Boomerang Kids or The Curious Case of The Dog That Didn’t Bark

figure4.4Much has been said about adult kids still living with their parents. The Boomerang generation, as they are often nicknamed, stays home at staggering numbers.

While causes for this rise had been linked to difficulties in finding a job due to the economy, to a rise in college enrollment, to a decline in the role of the marriage institute, and even to a generation of parents that is not so keen on letting their offspring leave the nest, I would like to offer a completely different perspective.

tshirt1Before we discuss this phenomena, let’s explore for a moment Alzheimer’s Disease. No, it’s not because the current generation of parents are forgetting to kick their kids out of the house; it’s because just over a hundred years ago Alzheimer’s Disease hardly existed. Why? Because back in 1900 an average person was expected to live to a respectable age of 47, and at 47, very few people developed this degenerative disease which is most often diagnosed in people over 65 years of age. Stay with me – we are getting to the Boomerang generation and the dog that didn’t bark shortly.

You see, from the 1500s to around the year 1800, life expectancy throughout Europe hovered between the ages of 30 and 40. Now imagine this – you are expected to live a mere 35 years. In that stretch of time you may wish to marry, bring up kids of your own and make a life for yourself. Would you stay at home with your parents until you are 25? Not likely. You would be out of the house as soon as you can reproduce, marry and get at it, it being your life’s ambitions. Life back then was simply too short.

young2Nowadays, when people in the developed world are expected to live to their 80’s, there is no rush. Modern life loads us with requirements. We need to study longer just to catch up. And when it comes to family life, modern medicine allows us to reproduce much later. Thus there is no rush to leave the comfy nest, no rush to find a spouse, no rush to build a family.

Where is the silent dog in all this? It is present in us ignoring what is too obvious to notice. We tend to compare selective statistical facts such as at what age kids venture on their own, job availability, divorce rate. Yet our longevity and the pace of life were all but forgotten. It is not the single critical element in this equation but it is sure up there on the list. It leaves me pondering at what age will kids leave home when science finally extends life expectancy to a 120.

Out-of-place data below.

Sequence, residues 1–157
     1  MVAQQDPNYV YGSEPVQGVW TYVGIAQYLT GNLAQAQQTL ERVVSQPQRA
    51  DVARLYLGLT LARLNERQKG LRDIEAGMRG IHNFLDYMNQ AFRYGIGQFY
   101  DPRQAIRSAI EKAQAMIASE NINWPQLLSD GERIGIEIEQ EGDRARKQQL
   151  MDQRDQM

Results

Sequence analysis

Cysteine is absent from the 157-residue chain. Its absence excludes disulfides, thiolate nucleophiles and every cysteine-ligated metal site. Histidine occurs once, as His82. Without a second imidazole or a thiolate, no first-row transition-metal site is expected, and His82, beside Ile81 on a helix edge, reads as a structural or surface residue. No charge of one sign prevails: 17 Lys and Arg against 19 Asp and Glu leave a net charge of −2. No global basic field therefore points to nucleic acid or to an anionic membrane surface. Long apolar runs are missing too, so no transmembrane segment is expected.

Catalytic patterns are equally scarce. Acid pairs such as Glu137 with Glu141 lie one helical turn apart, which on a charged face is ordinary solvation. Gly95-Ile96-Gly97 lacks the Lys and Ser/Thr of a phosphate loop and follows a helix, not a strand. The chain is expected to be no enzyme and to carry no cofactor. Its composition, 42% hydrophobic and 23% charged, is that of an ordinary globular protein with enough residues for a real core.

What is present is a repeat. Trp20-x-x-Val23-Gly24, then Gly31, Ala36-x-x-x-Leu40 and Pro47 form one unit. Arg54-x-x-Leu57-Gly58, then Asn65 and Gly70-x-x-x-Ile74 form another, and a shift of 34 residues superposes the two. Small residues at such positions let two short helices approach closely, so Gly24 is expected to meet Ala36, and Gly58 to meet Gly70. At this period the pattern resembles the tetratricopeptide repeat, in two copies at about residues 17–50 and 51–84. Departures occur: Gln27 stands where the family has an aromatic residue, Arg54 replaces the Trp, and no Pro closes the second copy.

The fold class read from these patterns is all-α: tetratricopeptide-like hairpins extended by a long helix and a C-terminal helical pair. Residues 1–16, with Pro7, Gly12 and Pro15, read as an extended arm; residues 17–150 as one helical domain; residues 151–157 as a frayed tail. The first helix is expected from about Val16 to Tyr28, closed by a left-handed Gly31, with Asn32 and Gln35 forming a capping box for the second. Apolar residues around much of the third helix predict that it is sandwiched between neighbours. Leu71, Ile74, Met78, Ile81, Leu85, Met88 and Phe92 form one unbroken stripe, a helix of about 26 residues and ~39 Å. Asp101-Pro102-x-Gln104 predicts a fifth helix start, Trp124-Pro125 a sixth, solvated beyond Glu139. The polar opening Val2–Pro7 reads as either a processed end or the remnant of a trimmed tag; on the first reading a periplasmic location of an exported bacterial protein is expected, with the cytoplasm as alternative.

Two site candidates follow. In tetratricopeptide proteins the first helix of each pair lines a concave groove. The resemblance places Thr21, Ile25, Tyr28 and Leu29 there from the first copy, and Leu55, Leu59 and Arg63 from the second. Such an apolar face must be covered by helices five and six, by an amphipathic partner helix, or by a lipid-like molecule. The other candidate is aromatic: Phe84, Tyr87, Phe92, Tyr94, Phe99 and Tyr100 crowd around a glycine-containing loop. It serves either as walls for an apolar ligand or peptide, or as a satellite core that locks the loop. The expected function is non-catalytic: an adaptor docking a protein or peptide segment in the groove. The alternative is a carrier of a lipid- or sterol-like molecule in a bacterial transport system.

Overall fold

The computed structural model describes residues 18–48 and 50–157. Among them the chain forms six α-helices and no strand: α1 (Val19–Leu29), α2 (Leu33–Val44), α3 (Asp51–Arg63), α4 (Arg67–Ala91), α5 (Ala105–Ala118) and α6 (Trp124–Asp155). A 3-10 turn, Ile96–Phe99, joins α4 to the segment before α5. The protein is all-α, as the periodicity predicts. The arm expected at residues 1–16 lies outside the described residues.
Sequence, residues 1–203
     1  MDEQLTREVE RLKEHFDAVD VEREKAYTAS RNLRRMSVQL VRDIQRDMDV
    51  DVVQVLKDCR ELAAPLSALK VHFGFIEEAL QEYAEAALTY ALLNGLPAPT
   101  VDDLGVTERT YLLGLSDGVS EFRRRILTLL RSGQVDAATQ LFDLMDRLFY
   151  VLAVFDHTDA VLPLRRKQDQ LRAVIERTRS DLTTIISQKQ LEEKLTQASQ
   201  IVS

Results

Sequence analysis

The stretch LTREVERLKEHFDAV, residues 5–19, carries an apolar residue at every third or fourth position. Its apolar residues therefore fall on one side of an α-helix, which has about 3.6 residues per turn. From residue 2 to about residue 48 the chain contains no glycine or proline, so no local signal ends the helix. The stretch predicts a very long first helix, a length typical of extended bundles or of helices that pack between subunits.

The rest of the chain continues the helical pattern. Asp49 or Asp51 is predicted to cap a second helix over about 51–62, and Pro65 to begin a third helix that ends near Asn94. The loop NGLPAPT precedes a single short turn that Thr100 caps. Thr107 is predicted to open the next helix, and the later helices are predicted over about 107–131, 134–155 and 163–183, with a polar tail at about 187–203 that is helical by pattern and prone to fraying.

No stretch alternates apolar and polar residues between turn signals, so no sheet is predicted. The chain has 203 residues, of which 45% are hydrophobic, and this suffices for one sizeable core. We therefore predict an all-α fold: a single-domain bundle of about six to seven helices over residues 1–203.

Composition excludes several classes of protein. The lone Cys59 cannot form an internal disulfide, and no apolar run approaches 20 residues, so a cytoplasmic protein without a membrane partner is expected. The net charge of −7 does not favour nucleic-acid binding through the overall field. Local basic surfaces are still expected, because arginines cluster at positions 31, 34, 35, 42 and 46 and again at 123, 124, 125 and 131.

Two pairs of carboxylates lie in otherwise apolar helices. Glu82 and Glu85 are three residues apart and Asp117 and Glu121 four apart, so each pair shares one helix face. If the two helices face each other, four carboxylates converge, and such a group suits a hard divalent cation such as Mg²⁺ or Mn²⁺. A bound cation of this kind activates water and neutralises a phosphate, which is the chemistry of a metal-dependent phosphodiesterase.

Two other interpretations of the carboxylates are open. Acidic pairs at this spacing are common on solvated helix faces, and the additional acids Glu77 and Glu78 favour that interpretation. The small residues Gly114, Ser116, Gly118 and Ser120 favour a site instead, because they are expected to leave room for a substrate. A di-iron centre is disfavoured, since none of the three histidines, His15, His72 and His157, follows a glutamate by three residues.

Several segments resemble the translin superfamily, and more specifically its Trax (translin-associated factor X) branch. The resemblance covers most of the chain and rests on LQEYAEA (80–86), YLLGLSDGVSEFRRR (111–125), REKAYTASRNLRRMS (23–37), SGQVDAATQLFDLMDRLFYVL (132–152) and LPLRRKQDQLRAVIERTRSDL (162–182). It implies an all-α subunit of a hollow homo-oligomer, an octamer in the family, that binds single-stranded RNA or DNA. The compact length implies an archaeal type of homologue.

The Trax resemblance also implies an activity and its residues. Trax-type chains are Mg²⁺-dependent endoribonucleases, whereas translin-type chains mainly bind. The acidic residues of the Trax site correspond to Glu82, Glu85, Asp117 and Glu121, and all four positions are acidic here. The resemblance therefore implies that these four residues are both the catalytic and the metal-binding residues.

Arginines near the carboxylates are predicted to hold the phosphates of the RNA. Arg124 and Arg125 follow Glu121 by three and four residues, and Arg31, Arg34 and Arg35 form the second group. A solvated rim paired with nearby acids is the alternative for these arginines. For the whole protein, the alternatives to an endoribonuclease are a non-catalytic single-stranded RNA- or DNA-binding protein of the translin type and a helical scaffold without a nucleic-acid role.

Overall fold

You never listen to me anyhow…


I recently overheard a mother yell at her kids, “it doesn’t matter what I say; you never listen to me anyhow!”

This brought to mind other such statements including, “you don’t love me anymore,” “I am not being appreciated,” and “I told you once, I told you a thousand times…”

Have you ever said any of the above? Have you heard it being said to you, or to others? If not, you may be an alien. But for most of us, residents of this planet Earth, these statements, and many other variations on the above theme, are quite common.

It is worth taking a closer look at what these statements really express.

When a person says any of the above, what he or she are really expressing is that they would like to be of importance – as a parent, as a love object, as someone of significance. Yet, as a listener, what the other person, be it a kid, a spouse, or a boss is hearing, is exactly the opposite – that the person speaking does not really believe someone will ever listen to him or her, that they will never be loved again, that no one will show them the appreciation they deserve. Furthermore, these expressions become a prophecy that quickly fulfills itself. Someone that tells you they are not being appreciated probably shouldn’t be appreciated. Someone who thinks no one listens to her, is likely not worth listening to. The speaker ends up achieving the exact opposite reaction to what they wished.

Let us reflect on this for a moment. Did saying “you never listen to me anyhow,” or “I told you once, I told you a thousand times,” really helped change anything? Did whomever you said it to, magically started to listen to you and do as you wished?

And, being in the other seat, how did you feel towards the person saying these statements? More appreciation or maybe quite the opposite – more rejection and despise?

It is the power of words. It is better to express a positive desired outcome than a negative feeling. Tell your kids, “I would be so glad to see you cleaning up your room,” instead of, “you never listen to me.” And, instead of “you don’t love me anymore,” say “When you show your love to me, my heart overflows.”

Maybe I am a horrible father…

kids2Here is a partial list of my shortcomings.

At ages 11 to 14, my children still do not have their own mobile phones.

They do not have Facebook accounts.

Their total “screen” time is limited to 2 hours daily at most, and most days they don’t even have that due to other activities and priorities.

My kids have daily chores to do for the house, including taking out the garbage, helping with laundry etc., for which they are not getting paid.

I do not encourage them to explore their sexuality, though they did get from me and my wife age-appropriate sexual education.

I do not encourage them to explore smoking weed or drinking alcohol, even if we have past presidents that inhaled. I simply believe all that is appropriate will come at the right time or not at all.

I do not allow them to watch movies with PG-13 rating and up, and even films with PG-13 I sometimes deem, like a total tyrant, to be inappropriate.

My kids do not use the “F” word, at least not that I am aware of. They have good grades in school and love reading so much that they go to the local public library at least 3-4 times a week.

In short, I am completely at fault for bringing up a bunch of nerds, and one day they may rebel or hate me for it.